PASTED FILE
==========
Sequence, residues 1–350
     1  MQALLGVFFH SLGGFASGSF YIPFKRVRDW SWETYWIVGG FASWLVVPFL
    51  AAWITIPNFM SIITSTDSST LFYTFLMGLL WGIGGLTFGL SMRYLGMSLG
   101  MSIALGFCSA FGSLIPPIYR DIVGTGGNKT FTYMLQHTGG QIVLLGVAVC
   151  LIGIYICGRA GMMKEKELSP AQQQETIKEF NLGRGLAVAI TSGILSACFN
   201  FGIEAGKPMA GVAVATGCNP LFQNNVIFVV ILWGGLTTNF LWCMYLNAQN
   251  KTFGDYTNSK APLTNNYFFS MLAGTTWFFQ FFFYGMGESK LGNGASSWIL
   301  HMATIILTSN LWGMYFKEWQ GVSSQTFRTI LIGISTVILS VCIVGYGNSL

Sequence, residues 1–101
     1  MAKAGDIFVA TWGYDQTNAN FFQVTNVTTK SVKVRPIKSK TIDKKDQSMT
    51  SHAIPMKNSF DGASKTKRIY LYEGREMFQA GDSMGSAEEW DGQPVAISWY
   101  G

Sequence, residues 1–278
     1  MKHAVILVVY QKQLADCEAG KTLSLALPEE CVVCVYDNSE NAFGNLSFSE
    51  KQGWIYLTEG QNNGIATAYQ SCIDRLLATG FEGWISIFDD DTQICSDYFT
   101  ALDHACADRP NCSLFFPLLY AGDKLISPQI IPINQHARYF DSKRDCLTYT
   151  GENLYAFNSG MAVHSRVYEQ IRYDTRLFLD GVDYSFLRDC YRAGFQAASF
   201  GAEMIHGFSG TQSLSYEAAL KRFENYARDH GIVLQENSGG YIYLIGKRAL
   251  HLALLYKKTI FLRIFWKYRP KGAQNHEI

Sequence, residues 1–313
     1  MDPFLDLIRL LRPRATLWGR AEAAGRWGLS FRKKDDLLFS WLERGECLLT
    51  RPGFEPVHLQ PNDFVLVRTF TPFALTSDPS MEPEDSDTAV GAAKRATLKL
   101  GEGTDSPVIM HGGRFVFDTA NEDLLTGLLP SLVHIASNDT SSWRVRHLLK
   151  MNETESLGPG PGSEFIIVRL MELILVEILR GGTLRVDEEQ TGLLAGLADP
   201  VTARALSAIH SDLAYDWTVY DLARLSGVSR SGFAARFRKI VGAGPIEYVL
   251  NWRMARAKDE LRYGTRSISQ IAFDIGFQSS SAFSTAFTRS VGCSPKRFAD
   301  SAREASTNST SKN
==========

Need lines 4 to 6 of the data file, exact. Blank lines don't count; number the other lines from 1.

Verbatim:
   101  MSIALGFCSA FGSLIPPIYR DIVGTGGNKT FTYMLQHTGG QIVLLGVAVC
   151  LIGIYICGRA GMMKEKELSP AQQQETIKEF NLGRGLAVAI TSGILSACFN
   201  FGIEAGKPMA GVAVATGCNP LFQNNVIFVV ILWGGLTTNF LWCMYLNAQN